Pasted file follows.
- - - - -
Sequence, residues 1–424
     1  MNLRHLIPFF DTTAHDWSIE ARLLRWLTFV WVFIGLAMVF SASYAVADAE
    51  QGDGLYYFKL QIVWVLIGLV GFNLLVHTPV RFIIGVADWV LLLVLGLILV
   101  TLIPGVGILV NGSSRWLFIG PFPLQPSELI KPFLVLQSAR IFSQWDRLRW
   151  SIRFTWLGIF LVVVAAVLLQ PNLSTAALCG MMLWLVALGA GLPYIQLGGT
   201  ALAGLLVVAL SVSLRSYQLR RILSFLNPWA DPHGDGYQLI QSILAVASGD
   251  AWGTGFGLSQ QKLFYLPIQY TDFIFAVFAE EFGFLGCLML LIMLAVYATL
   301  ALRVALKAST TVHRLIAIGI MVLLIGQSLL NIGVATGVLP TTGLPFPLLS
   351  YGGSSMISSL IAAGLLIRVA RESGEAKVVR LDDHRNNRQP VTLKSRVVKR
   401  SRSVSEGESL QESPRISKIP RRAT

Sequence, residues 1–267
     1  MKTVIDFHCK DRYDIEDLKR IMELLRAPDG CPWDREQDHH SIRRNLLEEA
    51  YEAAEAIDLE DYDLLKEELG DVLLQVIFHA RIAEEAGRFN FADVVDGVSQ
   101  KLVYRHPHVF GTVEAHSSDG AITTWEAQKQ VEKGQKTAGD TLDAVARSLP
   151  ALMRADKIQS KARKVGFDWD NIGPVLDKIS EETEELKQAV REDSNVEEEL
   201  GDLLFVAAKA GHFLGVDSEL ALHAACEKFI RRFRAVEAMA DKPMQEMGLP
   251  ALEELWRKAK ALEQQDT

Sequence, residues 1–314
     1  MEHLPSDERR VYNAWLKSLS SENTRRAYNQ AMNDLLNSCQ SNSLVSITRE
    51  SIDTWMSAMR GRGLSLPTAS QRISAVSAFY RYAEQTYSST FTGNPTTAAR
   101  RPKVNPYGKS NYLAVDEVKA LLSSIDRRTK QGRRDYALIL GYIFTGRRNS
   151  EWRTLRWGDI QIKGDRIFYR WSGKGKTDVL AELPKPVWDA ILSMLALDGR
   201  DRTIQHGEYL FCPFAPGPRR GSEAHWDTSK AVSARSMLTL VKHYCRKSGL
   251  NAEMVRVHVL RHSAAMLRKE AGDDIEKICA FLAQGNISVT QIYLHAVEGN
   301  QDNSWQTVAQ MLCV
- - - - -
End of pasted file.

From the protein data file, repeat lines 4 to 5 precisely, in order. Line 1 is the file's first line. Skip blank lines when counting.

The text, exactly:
   101  TLIPGVGILV NGSSRWLFIG PFPLQPSELI KPFLVLQSAR IFSQWDRLRW
   151  SIRFTWLGIF LVVVAAVLLQ PNLSTAALCG MMLWLVALGA GLPYIQLGGT